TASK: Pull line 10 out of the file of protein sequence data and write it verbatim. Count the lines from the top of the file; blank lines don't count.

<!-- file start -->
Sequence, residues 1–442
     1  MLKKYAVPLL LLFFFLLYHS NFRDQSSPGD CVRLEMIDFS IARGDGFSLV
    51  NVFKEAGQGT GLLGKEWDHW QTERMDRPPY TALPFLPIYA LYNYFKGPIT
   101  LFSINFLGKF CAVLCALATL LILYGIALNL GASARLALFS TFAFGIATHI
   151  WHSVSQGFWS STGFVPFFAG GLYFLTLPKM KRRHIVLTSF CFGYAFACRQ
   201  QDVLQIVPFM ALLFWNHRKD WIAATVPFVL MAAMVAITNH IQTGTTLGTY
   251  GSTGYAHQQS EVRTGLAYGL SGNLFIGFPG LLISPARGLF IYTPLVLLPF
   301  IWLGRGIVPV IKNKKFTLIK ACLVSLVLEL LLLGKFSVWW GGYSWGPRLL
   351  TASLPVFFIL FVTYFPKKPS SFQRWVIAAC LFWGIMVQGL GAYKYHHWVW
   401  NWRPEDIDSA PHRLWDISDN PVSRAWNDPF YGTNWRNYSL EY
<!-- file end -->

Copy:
   401  NWRPEDIDSA PHRLWDISDN PVSRAWNDPF YGTNWRNYSL EY